This week the Manitoba Government announced a $4 million program to reduce kindergarten through grade 3 public school class sizes. Here is the media release:
PROVINCE SUPPORTS FUTURE SUCCESS OF MANITOBA CHILDREN BY INVESTING NEW FUNDS FOR REDUCING CLASS SIZES
The topic of class size has been extensively researched, of course, and the evidence is pretty clear that this expenditure is a waste of money designed to curry favour with the Manitoba Teacher’s Society, a key supporter of the present government.
Here is an excerpt from one of Frontier’s early commentaries discussing the relationship between class size and student performance (read it here):
“Students from Singapore and Korea, who outperformed most other countries, experience average class sizes of 41 or more, compared to the 24-student norm in the five participating Canadian provinces. Although teachers regularly identify large classes as a barrier to effective teaching, the UBC professor who co-ordinated the math and science project demurs. He was unable to find “a very strong correlation between class size and achievement.”
Rather, the key to accomplishment in our public schools lies in the very measurement the teachers’ society has fought so hard to prevent. When schools can be ranked by test scores, and when parents are allowed to shop around among a range of competing curricula, they can make informed decisions about where to send their children. If money made the difference, how do we explain the fact that private schools in Manitoba spend a lot less per student than public schools and produce superior results?
From a public choice school of economics perspective, this program illustrates how highly organized interest groups can skew public policy in their favour. It was no coincidence that Manitoba ended testing right after the government changed in 1999. The teacher’s union is a powerful player in the NDP and ending testing (Manitoba is the only province that has done this) was top of the union wish list.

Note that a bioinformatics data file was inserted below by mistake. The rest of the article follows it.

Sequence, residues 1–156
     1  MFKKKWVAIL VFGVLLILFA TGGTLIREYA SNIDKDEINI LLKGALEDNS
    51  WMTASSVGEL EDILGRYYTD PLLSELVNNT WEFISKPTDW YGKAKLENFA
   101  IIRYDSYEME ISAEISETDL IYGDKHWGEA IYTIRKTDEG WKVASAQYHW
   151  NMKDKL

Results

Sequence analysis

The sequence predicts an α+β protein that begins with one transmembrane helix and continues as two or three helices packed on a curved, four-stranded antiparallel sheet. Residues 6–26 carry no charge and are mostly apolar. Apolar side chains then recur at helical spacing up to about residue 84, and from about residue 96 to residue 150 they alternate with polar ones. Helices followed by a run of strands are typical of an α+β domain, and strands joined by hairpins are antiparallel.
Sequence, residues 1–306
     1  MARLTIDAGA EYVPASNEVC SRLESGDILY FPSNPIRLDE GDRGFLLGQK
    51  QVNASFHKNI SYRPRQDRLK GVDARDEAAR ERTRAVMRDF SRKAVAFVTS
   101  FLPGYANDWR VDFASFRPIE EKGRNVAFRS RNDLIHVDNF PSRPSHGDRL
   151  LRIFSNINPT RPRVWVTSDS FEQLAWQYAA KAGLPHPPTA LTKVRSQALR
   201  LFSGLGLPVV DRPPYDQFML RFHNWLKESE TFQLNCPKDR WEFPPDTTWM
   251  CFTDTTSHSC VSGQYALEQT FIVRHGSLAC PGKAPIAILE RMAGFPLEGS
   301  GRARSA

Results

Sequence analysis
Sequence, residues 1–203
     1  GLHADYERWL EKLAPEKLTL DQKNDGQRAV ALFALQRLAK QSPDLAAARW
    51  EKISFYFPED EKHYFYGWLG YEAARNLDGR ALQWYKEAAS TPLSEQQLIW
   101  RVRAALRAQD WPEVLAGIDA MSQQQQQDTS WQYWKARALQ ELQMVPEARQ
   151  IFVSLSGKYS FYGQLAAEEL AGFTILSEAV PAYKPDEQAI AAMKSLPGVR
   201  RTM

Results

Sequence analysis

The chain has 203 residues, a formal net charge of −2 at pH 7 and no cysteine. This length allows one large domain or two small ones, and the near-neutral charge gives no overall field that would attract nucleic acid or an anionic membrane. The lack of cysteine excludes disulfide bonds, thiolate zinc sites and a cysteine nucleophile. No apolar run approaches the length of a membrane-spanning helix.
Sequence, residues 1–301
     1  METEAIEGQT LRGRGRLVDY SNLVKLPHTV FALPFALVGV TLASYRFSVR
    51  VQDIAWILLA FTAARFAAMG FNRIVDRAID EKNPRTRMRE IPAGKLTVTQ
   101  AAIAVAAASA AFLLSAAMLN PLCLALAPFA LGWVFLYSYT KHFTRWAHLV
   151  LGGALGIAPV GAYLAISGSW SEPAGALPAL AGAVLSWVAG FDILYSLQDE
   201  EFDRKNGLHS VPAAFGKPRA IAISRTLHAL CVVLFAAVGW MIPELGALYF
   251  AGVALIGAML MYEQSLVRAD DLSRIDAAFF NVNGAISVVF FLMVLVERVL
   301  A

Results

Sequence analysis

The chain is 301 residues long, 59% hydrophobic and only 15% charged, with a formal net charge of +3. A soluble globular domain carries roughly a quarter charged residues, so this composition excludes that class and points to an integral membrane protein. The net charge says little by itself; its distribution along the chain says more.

In a similar vein, as student numbers decline in a country with an aging population, we continue to see a constant stream of policies designed to artificially increase the demand for teachers – including the push for more early childhood education, lengthening the number of years students must be in school, and now reducing class size even when the evidence shows that it does not benefit students.
Ultimately, we can thank the country’s dysfunctional transfer payment system for providing the largesse being captured by highly organized special interests. As more people are beginning to understand – equalization is indeed a transfer to rich people in the have nots – particularly those with political influence like the public sector unions who benefit from higher pay and softer working conditions the transfers enable.